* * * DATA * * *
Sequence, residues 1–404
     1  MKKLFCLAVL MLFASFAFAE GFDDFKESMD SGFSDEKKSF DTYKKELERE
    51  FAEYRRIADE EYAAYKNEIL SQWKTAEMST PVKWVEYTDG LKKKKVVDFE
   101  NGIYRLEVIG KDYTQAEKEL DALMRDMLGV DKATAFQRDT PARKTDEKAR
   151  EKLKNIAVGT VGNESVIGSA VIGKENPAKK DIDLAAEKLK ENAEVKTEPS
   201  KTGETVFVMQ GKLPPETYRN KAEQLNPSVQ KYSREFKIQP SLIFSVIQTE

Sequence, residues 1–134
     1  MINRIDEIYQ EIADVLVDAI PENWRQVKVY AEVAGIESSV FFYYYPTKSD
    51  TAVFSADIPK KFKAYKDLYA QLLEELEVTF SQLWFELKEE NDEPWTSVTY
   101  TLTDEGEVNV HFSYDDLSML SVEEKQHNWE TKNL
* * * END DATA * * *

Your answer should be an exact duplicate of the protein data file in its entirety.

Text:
Sequence, residues 1–404
     1  MKKLFCLAVL MLFASFAFAE GFDDFKESMD SGFSDEKKSF DTYKKELERE
    51  FAEYRRIADE EYAAYKNEIL SQWKTAEMST PVKWVEYTDG LKKKKVVDFE
   101  NGIYRLEVIG KDYTQAEKEL DALMRDMLGV DKATAFQRDT PARKTDEKAR
   151  EKLKNIAVGT VGNESVIGSA VIGKENPAKK DIDLAAEKLK ENAEVKTEPS
   201  KTGETVFVMQ GKLPPETYRN KAEQLNPSVQ KYSREFKIQP SLIFSVIQTE

Sequence, residues 1–134
     1  MINRIDEIYQ EIADVLVDAI PENWRQVKVY AEVAGIESSV FFYYYPTKSD
    51  TAVFSADIPK KFKAYKDLYA QLLEELEVTF SQLWFELKEE NDEPWTSVTY
   101  TLTDEGEVNV HFSYDDLSML SVEEKQHNWE TKNL